Tadbhava, aka: Tad-bhava, Tadbhāva; 4 Definition(s)

Introduction

Tadbhava means something in Hinduism, Sanskrit, Jainism, Prakrit, the history of ancient India. If you want to know the exact meaning, history, etymology or English translation of this term then check out the descriptions on this page. Add your comment or reference to a book if you want to contribute to this summary article.

In Hinduism

Vyakarana (Sanskrit grammar)

Tadbhava in Vyakarana glossary... « previous · [T] · next »

Tadbhāva (तद्भाव).—The essence, also called तत्व (tatva); cf. यस्य गुणान्तरेष्वपि प्रादुर्भवत्सु तत्त्वं न विहन्यते तद् द्रव्यम् । किं पुनस्तत्त्वम् । तद्भावस्तत्त्वम् (yasya guṇāntareṣvapi prādurbhavatsu tattvaṃ na vihanyate tad dravyam | kiṃ punastattvam | tadbhāvastattvam) M. Bh. on P.V.1.1 19.

Source: Wikisource: A dictionary of Sanskrit grammar
context information

Vyakarana (व्याकरण, vyākaraṇa) refers to Sanskrit grammar and represents one of the six additional sciences (vedanga) to be studied along with the Vedas. Vyakarana concerns itself with the rules of Sanskrit grammar and linguistic analysis in order to establish the correct context of words and sentences.

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In Jainism

General definition (in Jainism)

Tadbhava in Jainism glossary... « previous · [T] · next »

Tadbhāva (तद्भाव) according to the 2nd-century Tattvārthasūtra 5.42.—What is meant by tadbhāva? The existence of a substance (dravya) to be in its own intrinsic nature is called tadbhāva.

 

Source: Encyclopedia of Jainism: Tattvartha Sutra 5: The category of the non-living
General definition book cover
context information

Jainism is an Indian religion of Dharma whose doctrine revolves around harmlessness (ahimsa) towards every living being. The two major branches (Digambara and Svetambara) of Jainism stimulate self-control (or, shramana, ‘self-reliance’) and spiritual development through a path of peace for the soul to progess to the ultimate goal.

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India history and geogprahy

Tad-bhava.—(IA 7), a word in Prakrit or the regional languages, which is modified from a Sanskrit word. Note: tad-bhava is defined in the “Indian epigraphical glossary” as it can be found on ancient inscriptions commonly written in Sanskrit, Prakrit or Dravidian languages.

Source: Cologne Digital Sanskrit Dictionaries: Indian Epigraphical Glossary
India history book cover
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The history of India traces the identification of countries, villages, towns and other regions of India, as well as royal dynasties, rulers, tribes, local festivities and traditions and regional languages. Ancient India enjoyed religious freedom and encourages the path of Dharma, a concept common to Buddhism, Hinduism, and Jainism.

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Languages of India and abroad

Sanskrit-English dictionary

Tadbhava in Sanskrit glossary... « previous · [T] · next »

Tadbhava (तद्भव).—a. sprung from Sanskṛt &c. (as Prākṛt or other words).

Tadbhava is a Sanskrit compound consisting of the terms tad and bhava (भव).

--- OR ---

Tadbhāva (तद्भाव).—becoming that.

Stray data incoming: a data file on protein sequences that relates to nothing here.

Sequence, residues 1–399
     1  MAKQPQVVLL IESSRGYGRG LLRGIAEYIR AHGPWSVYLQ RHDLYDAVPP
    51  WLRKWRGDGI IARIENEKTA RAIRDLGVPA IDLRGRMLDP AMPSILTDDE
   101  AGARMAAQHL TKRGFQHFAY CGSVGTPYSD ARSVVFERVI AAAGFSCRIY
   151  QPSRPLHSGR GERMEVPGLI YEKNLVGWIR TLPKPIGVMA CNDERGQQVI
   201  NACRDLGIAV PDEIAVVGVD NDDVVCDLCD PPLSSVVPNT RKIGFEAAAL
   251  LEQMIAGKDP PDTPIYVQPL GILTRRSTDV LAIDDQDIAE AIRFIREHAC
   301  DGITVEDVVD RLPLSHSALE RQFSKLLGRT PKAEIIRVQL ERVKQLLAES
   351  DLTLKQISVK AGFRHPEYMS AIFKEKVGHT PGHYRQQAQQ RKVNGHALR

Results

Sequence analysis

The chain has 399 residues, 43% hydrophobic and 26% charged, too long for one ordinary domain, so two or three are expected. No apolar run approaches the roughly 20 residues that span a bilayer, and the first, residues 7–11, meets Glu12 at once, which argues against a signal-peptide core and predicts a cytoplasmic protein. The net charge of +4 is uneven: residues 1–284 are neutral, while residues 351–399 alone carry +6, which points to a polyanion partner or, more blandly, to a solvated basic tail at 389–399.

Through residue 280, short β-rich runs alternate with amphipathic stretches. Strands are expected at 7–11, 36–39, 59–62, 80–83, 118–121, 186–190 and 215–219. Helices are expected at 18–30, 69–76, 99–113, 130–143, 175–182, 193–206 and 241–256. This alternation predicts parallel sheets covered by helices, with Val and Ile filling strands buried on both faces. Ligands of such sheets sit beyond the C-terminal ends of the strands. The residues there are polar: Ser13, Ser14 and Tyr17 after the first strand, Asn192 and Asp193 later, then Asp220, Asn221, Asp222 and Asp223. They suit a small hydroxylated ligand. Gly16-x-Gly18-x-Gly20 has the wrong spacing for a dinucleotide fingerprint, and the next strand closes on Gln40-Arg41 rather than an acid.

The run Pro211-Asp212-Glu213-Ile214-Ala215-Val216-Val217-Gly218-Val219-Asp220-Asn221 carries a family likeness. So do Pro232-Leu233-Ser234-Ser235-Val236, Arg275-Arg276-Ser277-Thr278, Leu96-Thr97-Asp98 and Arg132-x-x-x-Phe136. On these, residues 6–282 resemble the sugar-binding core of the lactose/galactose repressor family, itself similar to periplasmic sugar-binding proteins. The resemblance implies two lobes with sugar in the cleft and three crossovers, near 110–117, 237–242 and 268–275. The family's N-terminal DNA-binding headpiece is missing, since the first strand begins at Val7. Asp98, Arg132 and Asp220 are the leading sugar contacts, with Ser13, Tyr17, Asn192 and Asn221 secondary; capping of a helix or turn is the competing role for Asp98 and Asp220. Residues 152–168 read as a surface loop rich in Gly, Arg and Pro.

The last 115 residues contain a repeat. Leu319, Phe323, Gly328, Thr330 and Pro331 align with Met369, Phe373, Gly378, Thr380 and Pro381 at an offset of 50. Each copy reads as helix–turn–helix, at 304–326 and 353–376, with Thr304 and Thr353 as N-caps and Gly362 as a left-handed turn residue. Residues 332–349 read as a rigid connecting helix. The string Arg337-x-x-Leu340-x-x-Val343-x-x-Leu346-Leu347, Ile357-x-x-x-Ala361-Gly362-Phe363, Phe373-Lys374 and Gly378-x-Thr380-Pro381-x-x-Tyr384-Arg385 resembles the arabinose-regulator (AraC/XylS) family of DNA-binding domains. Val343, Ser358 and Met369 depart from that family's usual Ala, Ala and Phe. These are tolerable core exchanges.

Derivable forms: tadbhāvaḥ (तद्भावः).

Tadbhāva is a Sanskrit compound consisting of the terms tad and bhāva (भाव).

Source: DDSA: The practical Sanskrit-English dictionary
context information

Sanskrit, also spelled संस्कृतम् (saṃskṛtam), is an ancient language of India commonly seen as the grandmother of the Indo-European language family. Closely allied with Prakrit and Pali, Sanskrit is more exhaustive in both grammar and terms and has the most extensive collection of literature in the world, greatly surpassing its sister-languages Greek and Latin.

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Relevant definitions

Search found 1543 related definition(s) that might help you understand this better. Below you will find the 15 most relevant articles:

Bhava
Bhava (भव).—m. (-vaḥ) 1. Being, existing, the self-support of something already produced. 2. Bi...
Tanmatra
Tanmātra (तन्मात्र).—n. sub. (-traṃ) The archetype or subtile rudiment of elementary matter. ad...
Svabhava
Svabhāva (स्वभाव).—m. (-vaḥ) 1. Nature, natural state, property or disposition. 2. Purpose, int...
Tatpurusha
Tatpuruṣa (तत्पुरुष) refers to one of the five faces of Sadāśiva that revealed the Āgamas (sacr...
Sthayibhava
Sthāyibhāva (स्थायिभाव) refers to “dominant states”, and represents one of divisions of Bhāva (...
Parabhava
Parābhava (पराभव).—(a)1) Defeat, discomfiture, overthrow; पराभवोऽप्युत्सव एव मानिनाम् (parābhav...
Bhavabhuti
Bhavabhūti (भवभूति).—A Sanskrit poet who lived in the 7th century A.D. His important works are ...
Taddhita
Taddhita (तद्धित).—m. (-taḥ) A derivative noun, as a patronimic or attributive of various kinds...
Tatkala
Tatkāla (तत्काल).—1) the current moment, present time. 2) that time. °धी (dhī) a. having presen...
Bhavatanha
Bhava-tanha (craving to be) is described as follows: 1) Pali: bhava-taṇhā 2) Also re...
Tatkshana
Tatkṣaṇa (तत्क्षण).—m. (see BR s.v. 2, where citation from Julien's ‘Hiouen-Thsang’ is obviousl...
Bhavartha
Bhāvārtha (भावार्थ).—1) the obvious meaning or import (of a word, phrase &c.). 2) the subject m...
Manobhava
Manobhava (मनोभव).—a. mind-born, created by fancy; दृश्यमाना विनार्थेन न दृश्यन्ते मनोभवाः (dṛś...
Vyabhicaribhava
Vyabhicāribhāva (व्यभिचारिभाव, “variants”) or Saṃcāribhāva refers to the “accessories of perman...
Antarbhava
Antarbhava (अन्तर्भव).—a. Inward, internal, inwardly situated.--- OR --- Antarbhāva (अन्तर्भाव)...

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